What's in a Word | All Blogs


Hair-raising experiences

By Debra Dobbins


“Mother lode” in today's Tundra is used metaphorically to decribe something of great value. Velma's going to make one heckuva nest after scoring an unfortunate man's toupee. (In my humble opinion, cartoonist Chad Carpenter could've had a little extra fun if he had drawn Velma as a bald eagle.)

In its literal sense, "mother lode" is an Americanism that means “the main lode, or vein of ore, in a particular region or district,” according to Webster's.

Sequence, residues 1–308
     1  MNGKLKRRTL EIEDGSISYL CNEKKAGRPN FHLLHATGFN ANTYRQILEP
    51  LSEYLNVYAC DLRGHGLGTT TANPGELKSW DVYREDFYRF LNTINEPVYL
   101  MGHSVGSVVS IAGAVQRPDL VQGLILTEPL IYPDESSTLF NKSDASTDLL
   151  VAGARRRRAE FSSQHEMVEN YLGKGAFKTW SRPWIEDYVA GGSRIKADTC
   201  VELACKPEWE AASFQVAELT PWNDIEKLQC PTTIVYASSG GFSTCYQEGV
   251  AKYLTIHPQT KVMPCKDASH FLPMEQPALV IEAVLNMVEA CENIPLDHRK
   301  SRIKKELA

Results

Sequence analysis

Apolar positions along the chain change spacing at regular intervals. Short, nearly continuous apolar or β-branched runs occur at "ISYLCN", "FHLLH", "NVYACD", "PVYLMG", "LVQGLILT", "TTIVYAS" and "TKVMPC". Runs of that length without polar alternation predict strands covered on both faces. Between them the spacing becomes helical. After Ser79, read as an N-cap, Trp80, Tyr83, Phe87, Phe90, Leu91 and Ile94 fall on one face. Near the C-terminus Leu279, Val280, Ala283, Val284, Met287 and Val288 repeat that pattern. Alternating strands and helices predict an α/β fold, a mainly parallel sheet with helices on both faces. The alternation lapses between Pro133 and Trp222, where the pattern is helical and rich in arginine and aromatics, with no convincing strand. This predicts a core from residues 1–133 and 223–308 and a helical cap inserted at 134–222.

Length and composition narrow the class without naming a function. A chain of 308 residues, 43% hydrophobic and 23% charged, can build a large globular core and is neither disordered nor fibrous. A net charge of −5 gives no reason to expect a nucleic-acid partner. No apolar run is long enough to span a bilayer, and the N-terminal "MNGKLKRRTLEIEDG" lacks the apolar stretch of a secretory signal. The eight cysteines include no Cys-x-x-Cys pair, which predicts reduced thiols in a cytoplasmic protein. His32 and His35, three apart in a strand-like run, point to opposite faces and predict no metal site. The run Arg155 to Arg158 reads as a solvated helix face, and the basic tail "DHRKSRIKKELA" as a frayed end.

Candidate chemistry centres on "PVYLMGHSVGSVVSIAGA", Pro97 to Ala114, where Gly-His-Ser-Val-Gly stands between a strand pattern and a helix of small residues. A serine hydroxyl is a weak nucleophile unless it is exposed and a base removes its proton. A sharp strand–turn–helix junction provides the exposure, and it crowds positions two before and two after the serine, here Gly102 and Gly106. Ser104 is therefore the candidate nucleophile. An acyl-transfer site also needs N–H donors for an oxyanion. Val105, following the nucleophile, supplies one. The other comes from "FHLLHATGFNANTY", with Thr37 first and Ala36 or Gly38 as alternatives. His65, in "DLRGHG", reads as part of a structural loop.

“The term probably came from a literal translation of the Spanish veta madre, a term common in old Mexican mining. Veta madre, for instance, is the name given to an 11-kilometre-long (6.8 mi) silver vein discovered in 1548 in Guanajuato, New Spain (modern-day Mexico),” Wikipedia notes.

Carpenter relies on the reader's understanding of what a toupee is in order to get the joke. Coincidentally, another cartoonist — George Lichty, creator of Grin and Bear It — also had fun today with the idea of a wind-ruffled toupee:

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